London, 13 July 2023: Retailers have been asked to stop placing orders for Bartex Bartol’s Cosa Nostra Scotch Whisky, after it was found to have a direct association with violent, aggressive, dangerous and illegal behaviour, and caused serious and widespread offence. A copy of the full decision is available here.

The complaint was upheld by the Portman Group’s Independent Complaints Panel, resulting in the most severe sanction as a result of the producer’s failure to comply.

The Panel noted the product’s bottle was in the shape of a Thompson ‘Tommy’ gun, creating a direct link between the drink and a dangerous weapon. The Panel also considered that the drink’s name, Cosa Nostra, was the name of a well-known faction of the Italian Mafia. This, combined with multiple references on the product’s primary and secondary packaging, emphasised the product’s link to violent behaviour and the glamourisation of criminal activity. Accordingly, the Panel upheld the complaint under Code rule 3.2(b).

The Panel also noted that in the context of rising gun crime in the UK, the packaging was likely to cause serious and widespread offence, particularly in communities where gun crime was an ongoing serious issue. Furthermore, those who were directly affected by the violence perpetrated by the Mafia syndicate Cosa Nostra would consider packaging glamourising the Cosa Nostra seriously offensive. Accordingly, the complaint was upheld under Code rule 3.3.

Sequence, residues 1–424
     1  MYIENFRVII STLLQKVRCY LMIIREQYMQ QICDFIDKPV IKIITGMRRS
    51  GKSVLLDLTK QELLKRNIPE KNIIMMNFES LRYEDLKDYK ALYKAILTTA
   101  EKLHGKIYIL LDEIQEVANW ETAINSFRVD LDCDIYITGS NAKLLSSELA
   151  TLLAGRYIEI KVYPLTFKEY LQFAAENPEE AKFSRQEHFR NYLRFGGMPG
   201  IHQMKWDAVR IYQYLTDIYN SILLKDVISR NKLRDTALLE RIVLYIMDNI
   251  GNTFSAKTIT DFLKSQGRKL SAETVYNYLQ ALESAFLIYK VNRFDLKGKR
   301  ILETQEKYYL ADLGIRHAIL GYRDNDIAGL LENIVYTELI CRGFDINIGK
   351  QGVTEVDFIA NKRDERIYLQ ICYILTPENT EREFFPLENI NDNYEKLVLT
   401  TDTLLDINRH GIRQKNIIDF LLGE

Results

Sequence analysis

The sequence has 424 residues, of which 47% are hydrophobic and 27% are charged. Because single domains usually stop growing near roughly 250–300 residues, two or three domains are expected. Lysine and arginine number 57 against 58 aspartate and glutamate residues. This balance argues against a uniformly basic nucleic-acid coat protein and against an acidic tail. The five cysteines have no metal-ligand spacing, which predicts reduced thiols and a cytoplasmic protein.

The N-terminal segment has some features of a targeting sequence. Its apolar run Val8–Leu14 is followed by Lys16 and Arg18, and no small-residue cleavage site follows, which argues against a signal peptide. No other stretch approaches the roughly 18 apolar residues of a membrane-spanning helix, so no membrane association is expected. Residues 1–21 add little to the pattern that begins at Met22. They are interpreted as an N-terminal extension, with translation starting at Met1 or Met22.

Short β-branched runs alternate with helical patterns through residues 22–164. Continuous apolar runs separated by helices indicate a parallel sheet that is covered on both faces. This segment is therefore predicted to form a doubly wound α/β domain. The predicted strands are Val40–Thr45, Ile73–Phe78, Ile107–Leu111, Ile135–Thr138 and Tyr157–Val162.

A Retailer Alert Bulletin (RAB) is only issued by the Portman Group following an upheld complaint by the Panel where the producer chooses not to comply with that decision. A RAB requests that retailers cease placing orders for the product three months after the publication date and informs wider groups about the Panel decision.

The producer has previously been the subject of a RAB in 2014 with its product Red Army Vodka.

Commenting on the decision, the Chair of the Independent Complaints Panel, Nicola Williams, said: “In light of rising gun crime in the UK, it is deeply irresponsible of an alcohol producer to glamorise firearms and market a product in this form. There were multiple and clear signs this product was in direct breach of the Code and unfortunately follows a complaint for a similar product by the same producer which the Panel upheld in 2014. I hope Bartex Bartol takes note that such products are completely unacceptable.”


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Notes to editors

  1. Images provided
  2. A spokesperson is available for interviews upon request.
  3. The Retailer Alert Bulletin can be found here.